The disc cover explained all. It was an extra track, by way of advertising; a two minute excerpt of something called ‘Pulse Shadows’ by Harrison Birtwistle.
I have encountered Birtwistle before. My wife and I attended a Promenade Concert in 2011 using tickets donated to us by a friend. The second half was Holst’s Planets, a piece of which I am very fond, but had not, until then, ever heard performed live. The first half consisted of Isabella, by Frank Bridge, and the United Kingdom premiere of Birtwistle’s Concerto for Violin and Orchestra. The orchestra was the BBC Symphony conducted by David Robertson.
The performance of The Planets was absolutely superb; breathtaking. Yet again I was reminded that no Hi-Fi system can remotely match the dynamic range and excitement of a live performance. The Birtwistle too was breathtaking, but in an entirely different way.
We listened to it on that summer day in 2011; I listened to part of it again on i-Player, just to confirm that I wasn’t imagining anything. And while writing this, I listened to part of it, yet again, on U-Tube – the Prom performance that I attended. This is what various critics said about the work following its world premiere in the USA:
"A work of true originality…evokes traditional form while always keeping at a subtle remove from it…ideas flow forth…" The Sunday Times
"Mr Birtwistle, 76, is a towering figure in British Music. His language, though complex and modernistic, is distinctive and exhilarating…Throughout the piece the violin plays a stream of jagged chords, gnarly intervals and twisted thematic flights…" New York Times
And following the Promenade concert, in a piece entitled “Genius is a secular sainthood…”
"…Yet even in the brief dip into the range of contemporary music offered by the Proms, I got a glimpse of what genius means…the composer I’m referring to is better known…as a northern curmudgeon…I mean Harrison Bertwistle…his music…makes you aware of primal simplicities…his pieces all add up to a coherent world…I don’t like all of Birtwistle’s pieces…liking or disliking isn’t the point. In creating [his] own world, [he] helps us make sense of this one…" Daily Telegraph, Ivan Hewett
Hans Andersen’s story The Emperor’s New Clothes came strongly to mind when I read some of these reviews, although I think Ivan Hewett’s piece belongs firmly in Private Eye’s Pseud’s Corner. The New York Times had it rather well, I thought; “jagged chords, gnarly intervals and twisted thematic flights” describes the piece perfectly. To that I would add nerve-janglingly disharmonic and lacking any sense of rhythm or pulse, or whatever the proper term is. It was a sound, I imagine, like one of those large lorries that carry orchestral instruments around the country might make, coming to grief on an icy road and performing multiple collisions at it slowly disintegrates...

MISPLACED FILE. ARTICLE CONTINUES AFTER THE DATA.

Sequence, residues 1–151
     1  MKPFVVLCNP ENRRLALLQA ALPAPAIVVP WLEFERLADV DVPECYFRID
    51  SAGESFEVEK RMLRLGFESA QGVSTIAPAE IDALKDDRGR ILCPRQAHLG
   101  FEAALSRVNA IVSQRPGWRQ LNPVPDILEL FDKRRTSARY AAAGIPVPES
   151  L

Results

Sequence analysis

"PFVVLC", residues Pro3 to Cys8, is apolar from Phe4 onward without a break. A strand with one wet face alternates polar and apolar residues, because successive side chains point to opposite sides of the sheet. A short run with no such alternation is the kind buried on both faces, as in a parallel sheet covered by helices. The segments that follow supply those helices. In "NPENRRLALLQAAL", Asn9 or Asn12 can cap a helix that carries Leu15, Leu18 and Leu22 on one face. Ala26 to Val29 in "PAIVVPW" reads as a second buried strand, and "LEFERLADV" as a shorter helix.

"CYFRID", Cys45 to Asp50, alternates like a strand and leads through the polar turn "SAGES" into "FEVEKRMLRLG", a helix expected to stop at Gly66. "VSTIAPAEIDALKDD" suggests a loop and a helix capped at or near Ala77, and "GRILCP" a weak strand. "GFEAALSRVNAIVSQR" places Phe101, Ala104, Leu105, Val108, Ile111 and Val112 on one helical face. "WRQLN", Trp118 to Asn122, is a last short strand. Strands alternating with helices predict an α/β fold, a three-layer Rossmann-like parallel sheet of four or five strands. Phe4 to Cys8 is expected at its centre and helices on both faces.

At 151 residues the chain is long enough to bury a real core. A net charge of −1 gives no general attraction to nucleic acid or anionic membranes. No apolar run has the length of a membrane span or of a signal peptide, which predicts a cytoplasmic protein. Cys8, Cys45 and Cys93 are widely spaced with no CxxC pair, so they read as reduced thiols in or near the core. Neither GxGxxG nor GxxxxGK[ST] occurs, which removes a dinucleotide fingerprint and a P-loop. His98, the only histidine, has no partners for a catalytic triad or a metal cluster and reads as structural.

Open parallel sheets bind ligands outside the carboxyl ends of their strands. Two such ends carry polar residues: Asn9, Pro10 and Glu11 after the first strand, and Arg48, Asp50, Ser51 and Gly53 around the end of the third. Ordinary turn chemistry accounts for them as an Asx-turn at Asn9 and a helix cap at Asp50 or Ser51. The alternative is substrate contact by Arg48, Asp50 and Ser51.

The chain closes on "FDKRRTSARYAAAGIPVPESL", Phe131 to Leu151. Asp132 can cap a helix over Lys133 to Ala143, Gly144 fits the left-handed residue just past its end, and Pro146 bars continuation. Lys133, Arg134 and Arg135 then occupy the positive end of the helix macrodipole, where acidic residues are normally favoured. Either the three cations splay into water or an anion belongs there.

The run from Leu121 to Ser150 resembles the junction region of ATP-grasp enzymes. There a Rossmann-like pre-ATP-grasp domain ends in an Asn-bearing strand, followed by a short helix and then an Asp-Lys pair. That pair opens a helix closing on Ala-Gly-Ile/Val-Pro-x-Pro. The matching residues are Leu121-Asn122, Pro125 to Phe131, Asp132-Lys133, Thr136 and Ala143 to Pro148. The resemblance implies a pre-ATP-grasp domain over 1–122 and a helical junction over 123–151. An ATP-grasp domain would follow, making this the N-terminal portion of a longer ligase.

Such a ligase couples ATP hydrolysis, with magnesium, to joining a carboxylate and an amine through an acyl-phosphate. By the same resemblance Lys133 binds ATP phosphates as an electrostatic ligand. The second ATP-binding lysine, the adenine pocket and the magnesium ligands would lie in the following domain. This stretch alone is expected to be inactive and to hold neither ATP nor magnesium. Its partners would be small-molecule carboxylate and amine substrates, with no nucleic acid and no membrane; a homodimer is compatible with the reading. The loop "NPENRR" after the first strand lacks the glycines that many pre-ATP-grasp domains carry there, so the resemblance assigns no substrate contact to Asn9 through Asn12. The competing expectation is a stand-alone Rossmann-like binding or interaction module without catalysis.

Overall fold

It was not a pleasant 25 minutes listening, and I was very glad when it stopped.
Now I would have left Bertwistle alone, and contented myself with the knowledge that I am very conservative when it comes to music; Wagner and Mahler have quite enough discords for me. None of them come close, though, to the “gnarly intervals” of the northern curmudgeon’s music, which remind me of the motion of my first car after I had fiddled with the engine mounts; it would describe a sort of grasshopper motion when moving off from stationary.
But I happened to read, in a link appended to Ivan Hewett’s piece, an account of Birtwistle at the Ivor Novello Awards some years ago. He had, apparently, won an award, but had to listen to various pop-singers and bands play before he was invited on stage to collect his prize. He declared: “I’ve never heard so many clichés in a single day…and why is your music so effing loud?” It probably was loud, and no doubt the lyrics – or was it the harmonies – were cliché-ridden. But harmonic it probably was, and to tempo, almost certainly. Don’t get me wrong, I would not cross the road to listen to modern pop music; almost no-one since Jerry Lee Lewis comes close... However, a vision of pots shouting at effing kettles rose before my eyes, and I could not resist a chuckle.
Apparently Birtwistle is 80 this year, and the BBC is celebrating the event by putting on several of his pieces at The Proms. I will not be going.
Any attempt to define “Art” is doomed to failure, but one personal measure that I use of “good” art, whether it be a play, a piece of fine art, a book or a musical work, is: would I want to see, read or hear it again? “Good Art” gives me pleasure; the pleasure I get from Harrison Birtwistle’s music, is when it stops…